(CNSNews.com) – As the Council on American-Islamic Relations (CAIR) looks towards a Biden presidency, its wish list includes the scrapping not only of President Trump’s travel bans, but also of legislation, signed into law by President Obama in 2015, which created the basis for visa restrictions on visitors from seven Muslim-majority “countries of [terrorism] concern.”
All seven of the countries subsequently identified by the Obama Department of Homeland Security under that legislation would later feature in various iterations of Trump’s travel executive orders.
Looking back even further, CAIR also hopes a Biden administration will target an FBI-administered watchlist of “known or suspected terrorists,” first put into place by the George W. Bush administration after 9/11. A federal judge ruled last year that the list violates the constitutional rights of Americans whose names appear on it.
Welcoming the projected election outcome, CAIR national executive director Nihad Awad said Joe Biden had “pledged to end the Muslim ban on his first day in office, include Muslims at every level of his administration and address issues of racial and religious discrimination.”
“We plan to join other American Muslim leaders and organizations in ensuring that the Biden administration fulfills these promises,” he said. “We also plan to continue holding our government accountable when it errs.”
CAIR, which calls itself the nation’s biggest Muslim civil rights and advocacy group, urged Biden and Congress to take steps including ending “the Muslim and Africa travel bans” and the Visa Waiver Program Improvement and Terrorist Travel Prevention Act of 2015.
The “travel bans” are a series of executive actions that currently affect certain categories of visitors from 13 countries, eight of which (Iran, Kyrgyzstan, Libya, Nigeria, Somalia, Sudan, Syria and Yemen) have Muslim majorities.
When first issued, Trump was accused of discriminating against Muslims in particular – although 49 of the 57 members of the Organization of Islamic Cooperation bloc were not impacted, and despite the fact that five of the 13 countries that are affected (Burma, Eritrea, Tanzania, North Korea and Venezuela) are not Muslim-majority countries.
As pointed out by administration officials at the time, seven of the countries targeted in Trump’s first order, in January 2017, had also been identified by the Obama DHS in 2016 as “countries of concern” due to terrorism risk, and as a result foreign nationals who had visited then since March 2011 lost visa waiver benefits.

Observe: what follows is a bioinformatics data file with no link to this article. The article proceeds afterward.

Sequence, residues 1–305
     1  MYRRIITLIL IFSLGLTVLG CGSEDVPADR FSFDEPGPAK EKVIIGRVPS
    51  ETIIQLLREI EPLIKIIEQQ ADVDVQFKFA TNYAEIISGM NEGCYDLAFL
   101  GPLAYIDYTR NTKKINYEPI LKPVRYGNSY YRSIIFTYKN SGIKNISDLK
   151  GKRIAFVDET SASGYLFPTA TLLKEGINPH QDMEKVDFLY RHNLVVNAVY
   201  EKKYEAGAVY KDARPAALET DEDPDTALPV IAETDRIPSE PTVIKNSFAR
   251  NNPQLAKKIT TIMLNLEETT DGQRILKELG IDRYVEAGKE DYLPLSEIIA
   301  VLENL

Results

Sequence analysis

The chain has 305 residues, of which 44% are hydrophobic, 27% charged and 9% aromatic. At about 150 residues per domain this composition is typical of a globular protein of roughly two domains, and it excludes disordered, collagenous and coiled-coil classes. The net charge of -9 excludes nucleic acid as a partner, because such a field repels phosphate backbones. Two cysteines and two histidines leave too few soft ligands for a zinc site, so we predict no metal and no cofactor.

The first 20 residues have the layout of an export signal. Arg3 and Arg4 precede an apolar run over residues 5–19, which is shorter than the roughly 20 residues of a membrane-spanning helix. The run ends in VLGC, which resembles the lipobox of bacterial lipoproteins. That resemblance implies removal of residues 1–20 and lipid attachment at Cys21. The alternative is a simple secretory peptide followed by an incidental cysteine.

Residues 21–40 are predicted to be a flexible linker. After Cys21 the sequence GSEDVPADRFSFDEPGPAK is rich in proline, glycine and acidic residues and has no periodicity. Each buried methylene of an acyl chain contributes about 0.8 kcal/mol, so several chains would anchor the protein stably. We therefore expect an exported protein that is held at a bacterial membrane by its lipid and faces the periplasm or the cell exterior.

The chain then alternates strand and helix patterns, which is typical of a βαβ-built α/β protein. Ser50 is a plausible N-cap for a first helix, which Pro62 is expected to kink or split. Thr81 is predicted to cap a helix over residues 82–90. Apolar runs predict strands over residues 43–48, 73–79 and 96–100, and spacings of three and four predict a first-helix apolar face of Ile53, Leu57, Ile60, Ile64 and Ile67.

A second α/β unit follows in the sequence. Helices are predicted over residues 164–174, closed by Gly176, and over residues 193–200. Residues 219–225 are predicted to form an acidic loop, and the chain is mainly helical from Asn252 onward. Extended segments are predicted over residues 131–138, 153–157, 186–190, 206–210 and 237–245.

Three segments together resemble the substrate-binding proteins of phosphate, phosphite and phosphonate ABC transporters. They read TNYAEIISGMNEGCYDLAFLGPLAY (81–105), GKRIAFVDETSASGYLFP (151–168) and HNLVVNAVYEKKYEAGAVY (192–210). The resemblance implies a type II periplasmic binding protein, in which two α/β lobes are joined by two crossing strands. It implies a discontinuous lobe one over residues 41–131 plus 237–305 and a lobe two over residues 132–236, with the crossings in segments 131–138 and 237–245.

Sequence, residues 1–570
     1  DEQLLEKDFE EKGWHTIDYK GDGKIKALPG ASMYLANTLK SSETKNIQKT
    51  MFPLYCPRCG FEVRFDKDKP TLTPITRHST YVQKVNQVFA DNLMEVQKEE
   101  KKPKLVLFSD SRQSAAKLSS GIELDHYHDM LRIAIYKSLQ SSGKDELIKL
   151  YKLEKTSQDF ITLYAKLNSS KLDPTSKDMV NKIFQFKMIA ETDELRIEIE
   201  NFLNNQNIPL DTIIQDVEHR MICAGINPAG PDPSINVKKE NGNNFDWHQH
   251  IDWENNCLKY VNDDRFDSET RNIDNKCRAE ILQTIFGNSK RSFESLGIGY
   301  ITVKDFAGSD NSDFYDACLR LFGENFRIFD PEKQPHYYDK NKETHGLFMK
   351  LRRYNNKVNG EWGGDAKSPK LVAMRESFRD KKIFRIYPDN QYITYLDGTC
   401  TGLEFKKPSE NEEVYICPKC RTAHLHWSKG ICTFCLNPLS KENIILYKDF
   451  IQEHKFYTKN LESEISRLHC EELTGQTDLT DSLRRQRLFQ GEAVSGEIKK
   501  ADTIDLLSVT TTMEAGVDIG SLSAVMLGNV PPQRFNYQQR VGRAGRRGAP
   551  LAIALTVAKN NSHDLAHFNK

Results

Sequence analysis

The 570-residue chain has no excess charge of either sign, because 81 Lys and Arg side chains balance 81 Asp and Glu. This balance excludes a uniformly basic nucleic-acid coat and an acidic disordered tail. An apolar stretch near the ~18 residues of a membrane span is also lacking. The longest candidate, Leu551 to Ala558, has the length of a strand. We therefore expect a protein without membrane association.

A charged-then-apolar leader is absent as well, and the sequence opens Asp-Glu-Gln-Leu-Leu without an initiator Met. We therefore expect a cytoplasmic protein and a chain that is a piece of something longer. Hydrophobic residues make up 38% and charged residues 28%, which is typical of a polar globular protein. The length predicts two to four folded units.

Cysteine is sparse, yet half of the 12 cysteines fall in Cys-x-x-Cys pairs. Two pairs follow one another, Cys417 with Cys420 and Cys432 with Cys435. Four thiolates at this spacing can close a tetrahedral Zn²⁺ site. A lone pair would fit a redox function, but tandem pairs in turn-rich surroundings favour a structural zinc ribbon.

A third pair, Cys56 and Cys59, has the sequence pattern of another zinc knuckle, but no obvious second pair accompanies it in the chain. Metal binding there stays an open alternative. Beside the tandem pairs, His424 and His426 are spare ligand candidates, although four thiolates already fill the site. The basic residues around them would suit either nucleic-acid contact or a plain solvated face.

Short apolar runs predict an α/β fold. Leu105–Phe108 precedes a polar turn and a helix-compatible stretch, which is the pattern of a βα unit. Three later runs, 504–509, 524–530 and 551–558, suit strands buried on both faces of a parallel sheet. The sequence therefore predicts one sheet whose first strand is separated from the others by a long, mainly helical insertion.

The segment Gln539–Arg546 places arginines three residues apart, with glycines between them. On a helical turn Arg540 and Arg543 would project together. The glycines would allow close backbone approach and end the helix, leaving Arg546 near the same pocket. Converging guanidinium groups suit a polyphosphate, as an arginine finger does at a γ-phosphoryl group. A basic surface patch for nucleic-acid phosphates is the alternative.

Those DHS designations were made under the legislation which CAIR wants Biden and Congress to ditch.
The Act was passed by the House of Representatives on Dec. 8, 2015 with significant bipartisan support – a vote of 407-19 (The 19 nays were all Democrats, members of the Congressional Progressive Caucus.)
The measure was then incorporated into an omnibus spending bill, the Consolidated Appropriations Act of 2016, which Obama signed into law ten days later.
The same seven countries were listed in Trump’s first executive order, although Iraq was removed in the second one, in March 2017.
‘Known or reasonably suspected of being involved in terrorist activities’
CAIR also hopes to see the back of another security measure which it has long opposed.
Awad called on Biden and Congress to end “national security overreach by reforming the unconstitutional Terrorist Screening Database.”
The FBI describes the Bush-era TSDB as “a single database that contains sensitive national security and law enforcement information concerning the identities of those who are known or reasonably suspected of being involved in terrorist activities.”
Although the vast majority of those listed are foreigners – more than 99.5 percent in 2017 – American citizens or lawful permanent residents do also appear.
In 2016 CAIR brought a lawsuit on behalf of two dozen American Muslims “unjustly labeled as suspected terrorists by their government, causing extensive harm to their families, careers, and ability to travel.” In September last year a district court judge ruled that the list “fails to provide constitutionally sufficient procedural due process.”
Among the concerns of congressional critics has been the fact that in some cases – in line with a Bush directive in 2003 – data has been shared with foreign governments. They suspect that those governments could include several with poor human rights records.
In July last year, the House passed intelligence authorization legislation that included an amendment by Rep. Ilhan Omar (D-Minn.), requiring the administration to provide Congress with information about the foreign countries with which the TSDB data is shared. The measure was incorporated into the National Defense Authorization Act for fiscal year 2020.